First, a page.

Descent. Original color lithograph, 1989. Edition of 90 signed and numbered impressions on Arches paper.
Vladimir Veličković was one of the most prominent Serbian artists of our time, and also well known at the International art scene. For a short period of time he lived in Zagreb, Croatia where he worked as an assistant in Krsto Hegedušić’s workshop. In 1966 he moved to Paris, where he still resides and works. The year before, he received the “Biennale des Jeunes” prize in Paris. Ever since 1951, when his creative activity as an artist prevailed, he has exhibited in many countries across Europe and the US. In 1985, he was also elected as a member of the Serbian Academy of Sciences and Arts. In addition to the numerous awards won throughout his career, one of the more prominent one is the Commandeur dans l’ordre des Arts et des Lettres, the highest French award in the field of culture and art. The beheaded human being, pierced bodies and types of torture form the central themes of his work during the 1970s. In the years after 1980 the return to colors once again gains in significance. Visconti Fine Art has collaborated with Velickovic since the early 1970s. The first collaboration was the Edition published by Visconti Fin Art Kolizej in 1973 titled “5 pieces”, a series of silkscreen and collages of 5 different motifs. Visconti Fine Art also represented Vladimir Veličković throughout the years at various art fairs across Europe. Furthermore, a unique cultural project called SPORT AND ART was initiated in 1991 between Fascination “The Gallery of Modern Art” in Switzerland and Visconti Fine Art. Five internationally renowned artists-Valerio Adami (Italy), Jean-Michel Folon (France), Jiri Kolar (Chech Republic), James Rosenquist (USA) and Vladimir Veličković (France/Serbia) have created a limited edition of artworks especially for SPORT AND ART.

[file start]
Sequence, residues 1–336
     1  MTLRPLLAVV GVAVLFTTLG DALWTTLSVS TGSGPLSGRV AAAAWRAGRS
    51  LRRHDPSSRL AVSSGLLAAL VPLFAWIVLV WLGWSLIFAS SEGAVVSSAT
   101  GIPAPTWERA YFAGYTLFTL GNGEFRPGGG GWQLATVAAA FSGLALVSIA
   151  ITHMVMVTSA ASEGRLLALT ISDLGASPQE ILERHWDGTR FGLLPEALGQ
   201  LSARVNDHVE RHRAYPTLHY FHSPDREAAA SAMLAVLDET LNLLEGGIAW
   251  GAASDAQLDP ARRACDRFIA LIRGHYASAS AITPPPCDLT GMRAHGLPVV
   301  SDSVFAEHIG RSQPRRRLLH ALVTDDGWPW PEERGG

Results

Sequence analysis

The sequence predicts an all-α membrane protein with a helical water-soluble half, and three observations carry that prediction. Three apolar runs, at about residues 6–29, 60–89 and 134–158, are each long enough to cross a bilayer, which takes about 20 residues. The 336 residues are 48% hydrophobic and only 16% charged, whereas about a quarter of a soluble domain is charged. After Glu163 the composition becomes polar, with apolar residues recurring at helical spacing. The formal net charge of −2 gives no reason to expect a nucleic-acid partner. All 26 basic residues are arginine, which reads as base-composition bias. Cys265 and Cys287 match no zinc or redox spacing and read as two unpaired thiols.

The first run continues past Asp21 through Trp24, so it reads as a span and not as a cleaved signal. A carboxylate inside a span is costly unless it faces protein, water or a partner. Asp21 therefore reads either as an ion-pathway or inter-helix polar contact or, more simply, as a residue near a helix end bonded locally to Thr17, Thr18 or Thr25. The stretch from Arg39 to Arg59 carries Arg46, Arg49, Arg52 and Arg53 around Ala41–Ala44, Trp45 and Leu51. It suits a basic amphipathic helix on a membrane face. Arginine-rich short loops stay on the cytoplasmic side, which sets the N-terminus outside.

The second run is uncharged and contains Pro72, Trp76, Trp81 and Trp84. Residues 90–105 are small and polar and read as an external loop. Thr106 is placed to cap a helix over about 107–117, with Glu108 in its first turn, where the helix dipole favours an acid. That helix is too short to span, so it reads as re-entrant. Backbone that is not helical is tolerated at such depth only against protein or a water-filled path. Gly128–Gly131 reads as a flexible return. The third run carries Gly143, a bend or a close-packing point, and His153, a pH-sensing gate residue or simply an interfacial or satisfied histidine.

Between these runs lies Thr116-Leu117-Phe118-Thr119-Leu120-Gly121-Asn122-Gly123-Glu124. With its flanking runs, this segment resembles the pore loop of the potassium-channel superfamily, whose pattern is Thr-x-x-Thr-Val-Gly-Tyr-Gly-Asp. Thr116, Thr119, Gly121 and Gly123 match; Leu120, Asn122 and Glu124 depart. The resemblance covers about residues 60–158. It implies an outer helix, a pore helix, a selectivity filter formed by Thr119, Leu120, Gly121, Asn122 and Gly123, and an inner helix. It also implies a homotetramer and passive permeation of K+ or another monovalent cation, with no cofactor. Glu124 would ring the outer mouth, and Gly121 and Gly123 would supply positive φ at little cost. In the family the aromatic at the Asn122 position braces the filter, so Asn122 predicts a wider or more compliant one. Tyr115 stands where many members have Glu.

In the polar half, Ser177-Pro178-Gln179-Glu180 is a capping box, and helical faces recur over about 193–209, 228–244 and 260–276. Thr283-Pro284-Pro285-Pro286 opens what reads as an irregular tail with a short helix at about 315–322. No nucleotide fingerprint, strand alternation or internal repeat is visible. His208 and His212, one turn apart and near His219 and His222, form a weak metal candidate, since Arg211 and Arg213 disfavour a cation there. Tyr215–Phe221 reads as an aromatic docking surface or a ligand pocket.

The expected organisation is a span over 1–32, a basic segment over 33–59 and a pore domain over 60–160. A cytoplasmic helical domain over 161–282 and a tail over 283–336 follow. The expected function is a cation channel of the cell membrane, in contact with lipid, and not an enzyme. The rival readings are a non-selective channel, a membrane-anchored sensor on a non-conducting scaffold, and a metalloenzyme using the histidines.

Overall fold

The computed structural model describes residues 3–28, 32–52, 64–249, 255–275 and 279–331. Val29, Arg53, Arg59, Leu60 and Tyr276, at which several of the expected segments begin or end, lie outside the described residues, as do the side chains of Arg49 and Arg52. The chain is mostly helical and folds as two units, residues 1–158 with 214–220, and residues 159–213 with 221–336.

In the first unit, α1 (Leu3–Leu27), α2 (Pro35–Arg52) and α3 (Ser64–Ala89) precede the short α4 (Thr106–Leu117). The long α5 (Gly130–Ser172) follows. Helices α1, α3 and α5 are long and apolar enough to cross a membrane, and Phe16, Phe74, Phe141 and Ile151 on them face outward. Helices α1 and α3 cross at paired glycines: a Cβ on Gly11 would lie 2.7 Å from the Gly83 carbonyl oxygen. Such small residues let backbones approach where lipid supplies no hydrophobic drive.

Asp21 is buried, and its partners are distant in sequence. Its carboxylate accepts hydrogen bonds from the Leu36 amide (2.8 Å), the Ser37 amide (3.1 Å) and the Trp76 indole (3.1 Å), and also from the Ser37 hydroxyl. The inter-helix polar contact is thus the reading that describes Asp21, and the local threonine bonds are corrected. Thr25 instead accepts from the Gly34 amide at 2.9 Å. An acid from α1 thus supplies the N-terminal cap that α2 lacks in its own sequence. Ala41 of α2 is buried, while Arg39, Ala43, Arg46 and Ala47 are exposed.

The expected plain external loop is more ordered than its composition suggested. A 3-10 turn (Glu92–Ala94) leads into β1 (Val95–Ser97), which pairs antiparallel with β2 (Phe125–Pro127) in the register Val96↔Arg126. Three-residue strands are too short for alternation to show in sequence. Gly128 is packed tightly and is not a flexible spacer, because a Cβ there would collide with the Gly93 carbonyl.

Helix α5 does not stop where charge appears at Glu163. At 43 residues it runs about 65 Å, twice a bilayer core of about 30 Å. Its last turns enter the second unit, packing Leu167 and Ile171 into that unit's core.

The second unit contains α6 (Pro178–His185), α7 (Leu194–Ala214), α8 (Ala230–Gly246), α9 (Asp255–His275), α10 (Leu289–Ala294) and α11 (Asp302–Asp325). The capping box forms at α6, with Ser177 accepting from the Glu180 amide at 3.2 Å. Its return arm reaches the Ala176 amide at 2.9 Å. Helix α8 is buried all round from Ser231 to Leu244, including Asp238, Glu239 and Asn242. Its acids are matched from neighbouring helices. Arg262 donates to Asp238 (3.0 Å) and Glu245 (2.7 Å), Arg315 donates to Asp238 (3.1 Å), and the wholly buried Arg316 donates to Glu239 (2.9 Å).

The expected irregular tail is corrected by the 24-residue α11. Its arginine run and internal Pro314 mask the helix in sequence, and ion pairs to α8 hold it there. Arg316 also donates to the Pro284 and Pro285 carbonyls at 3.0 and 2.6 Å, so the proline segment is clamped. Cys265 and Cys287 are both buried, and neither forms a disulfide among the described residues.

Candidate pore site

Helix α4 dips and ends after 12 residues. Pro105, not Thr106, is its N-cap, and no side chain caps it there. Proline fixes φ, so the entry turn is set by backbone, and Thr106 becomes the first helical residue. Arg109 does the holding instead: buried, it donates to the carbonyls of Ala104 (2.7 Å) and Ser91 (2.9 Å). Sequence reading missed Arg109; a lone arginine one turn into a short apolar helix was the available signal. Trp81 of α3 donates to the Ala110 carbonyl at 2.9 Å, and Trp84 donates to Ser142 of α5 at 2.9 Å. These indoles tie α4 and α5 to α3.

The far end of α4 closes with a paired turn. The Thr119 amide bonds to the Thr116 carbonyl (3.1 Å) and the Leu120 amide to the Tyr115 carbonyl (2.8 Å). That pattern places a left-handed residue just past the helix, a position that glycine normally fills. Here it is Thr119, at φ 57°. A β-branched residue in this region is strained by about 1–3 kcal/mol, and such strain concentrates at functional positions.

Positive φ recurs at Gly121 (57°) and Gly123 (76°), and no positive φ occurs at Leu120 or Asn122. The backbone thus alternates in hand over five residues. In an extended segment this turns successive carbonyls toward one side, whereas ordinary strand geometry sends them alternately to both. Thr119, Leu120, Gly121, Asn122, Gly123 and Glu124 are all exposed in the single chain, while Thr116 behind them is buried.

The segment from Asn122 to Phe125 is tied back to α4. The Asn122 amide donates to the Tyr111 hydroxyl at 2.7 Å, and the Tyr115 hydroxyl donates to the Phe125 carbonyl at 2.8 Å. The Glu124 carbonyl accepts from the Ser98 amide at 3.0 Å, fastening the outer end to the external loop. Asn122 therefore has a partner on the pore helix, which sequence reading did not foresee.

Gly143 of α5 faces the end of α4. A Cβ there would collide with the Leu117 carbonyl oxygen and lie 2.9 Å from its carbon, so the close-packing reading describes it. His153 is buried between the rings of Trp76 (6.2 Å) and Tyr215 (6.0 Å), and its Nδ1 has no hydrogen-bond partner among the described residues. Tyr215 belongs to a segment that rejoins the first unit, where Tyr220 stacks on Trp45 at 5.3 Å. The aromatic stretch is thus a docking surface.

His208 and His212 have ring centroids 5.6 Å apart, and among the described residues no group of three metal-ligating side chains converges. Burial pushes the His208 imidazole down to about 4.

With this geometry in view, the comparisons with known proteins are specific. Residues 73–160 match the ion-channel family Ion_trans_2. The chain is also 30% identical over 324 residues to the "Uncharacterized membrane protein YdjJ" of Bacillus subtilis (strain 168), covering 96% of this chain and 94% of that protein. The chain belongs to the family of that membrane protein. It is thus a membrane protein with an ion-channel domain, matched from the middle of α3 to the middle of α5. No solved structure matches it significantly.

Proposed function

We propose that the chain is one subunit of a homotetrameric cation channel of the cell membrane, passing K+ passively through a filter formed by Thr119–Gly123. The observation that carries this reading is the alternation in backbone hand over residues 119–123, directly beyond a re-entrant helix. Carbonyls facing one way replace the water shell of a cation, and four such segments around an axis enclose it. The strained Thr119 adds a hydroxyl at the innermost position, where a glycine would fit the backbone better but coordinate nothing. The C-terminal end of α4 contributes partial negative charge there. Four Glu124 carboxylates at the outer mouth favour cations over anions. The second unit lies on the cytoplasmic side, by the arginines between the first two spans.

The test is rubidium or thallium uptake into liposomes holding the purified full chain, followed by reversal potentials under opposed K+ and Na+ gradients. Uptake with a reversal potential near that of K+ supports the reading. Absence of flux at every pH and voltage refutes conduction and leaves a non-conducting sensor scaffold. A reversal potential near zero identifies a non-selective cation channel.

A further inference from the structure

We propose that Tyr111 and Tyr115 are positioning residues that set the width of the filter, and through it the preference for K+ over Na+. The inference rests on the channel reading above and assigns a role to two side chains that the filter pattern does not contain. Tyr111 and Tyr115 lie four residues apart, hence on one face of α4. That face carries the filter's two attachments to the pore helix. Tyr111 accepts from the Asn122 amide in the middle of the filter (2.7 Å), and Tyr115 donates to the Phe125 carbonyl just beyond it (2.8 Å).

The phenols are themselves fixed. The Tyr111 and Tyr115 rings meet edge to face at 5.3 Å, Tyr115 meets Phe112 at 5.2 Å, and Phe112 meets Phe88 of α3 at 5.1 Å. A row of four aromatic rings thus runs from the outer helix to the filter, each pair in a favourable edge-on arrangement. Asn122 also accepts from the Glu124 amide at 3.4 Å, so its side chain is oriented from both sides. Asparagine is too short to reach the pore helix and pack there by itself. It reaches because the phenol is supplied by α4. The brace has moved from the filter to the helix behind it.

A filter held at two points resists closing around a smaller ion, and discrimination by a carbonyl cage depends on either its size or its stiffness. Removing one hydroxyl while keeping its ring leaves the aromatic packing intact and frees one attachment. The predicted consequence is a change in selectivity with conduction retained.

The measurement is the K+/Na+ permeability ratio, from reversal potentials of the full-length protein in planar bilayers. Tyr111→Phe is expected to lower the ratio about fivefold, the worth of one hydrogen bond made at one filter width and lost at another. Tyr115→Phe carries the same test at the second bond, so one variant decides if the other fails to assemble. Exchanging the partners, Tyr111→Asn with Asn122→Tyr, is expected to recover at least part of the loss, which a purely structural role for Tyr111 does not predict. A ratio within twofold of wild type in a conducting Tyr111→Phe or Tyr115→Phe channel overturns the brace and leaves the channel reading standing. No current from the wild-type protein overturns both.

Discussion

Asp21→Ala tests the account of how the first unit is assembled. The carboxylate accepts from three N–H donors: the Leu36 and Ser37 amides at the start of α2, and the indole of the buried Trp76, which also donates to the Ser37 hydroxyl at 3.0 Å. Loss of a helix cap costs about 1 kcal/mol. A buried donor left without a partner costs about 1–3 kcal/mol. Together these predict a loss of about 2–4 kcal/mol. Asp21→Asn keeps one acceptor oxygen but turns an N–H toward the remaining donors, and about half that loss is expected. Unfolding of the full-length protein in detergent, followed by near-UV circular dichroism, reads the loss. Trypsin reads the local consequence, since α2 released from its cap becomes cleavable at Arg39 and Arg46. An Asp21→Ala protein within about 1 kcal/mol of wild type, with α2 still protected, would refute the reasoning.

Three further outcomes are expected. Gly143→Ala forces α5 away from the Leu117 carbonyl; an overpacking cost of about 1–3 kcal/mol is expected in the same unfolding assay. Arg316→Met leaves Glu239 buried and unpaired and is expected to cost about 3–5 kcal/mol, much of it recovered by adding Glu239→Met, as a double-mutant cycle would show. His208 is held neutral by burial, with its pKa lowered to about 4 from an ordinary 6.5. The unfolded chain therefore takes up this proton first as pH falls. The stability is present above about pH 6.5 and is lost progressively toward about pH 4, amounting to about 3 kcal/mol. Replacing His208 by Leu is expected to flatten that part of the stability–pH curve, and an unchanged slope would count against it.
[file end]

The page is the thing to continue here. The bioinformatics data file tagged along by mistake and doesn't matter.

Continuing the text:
Veličković’s art is a projection of an extreme vision of tragic death, as well as existential spasm and escape. Accompanied by poetics of horror, his artworks show his fascination with movement in almost all forms which force not just the human, but the whole world to push forward despite all these disasters and dying. There is a depiction of fascination with motion of a Sisyphean uselessness of persistent motion, blind to obstacles and dangers. There is some kind of balance – the name of composition makes us imagine the opposite picture that we actually see in this graphic. Descent can be a synonym for death, but the climb of this strong man is a symbolic representation of living, where one without the other could not exist. The number of the same or similar compositions is telling about Veličković’s preoccupation with these philosophical themes that have tormented many for centuries.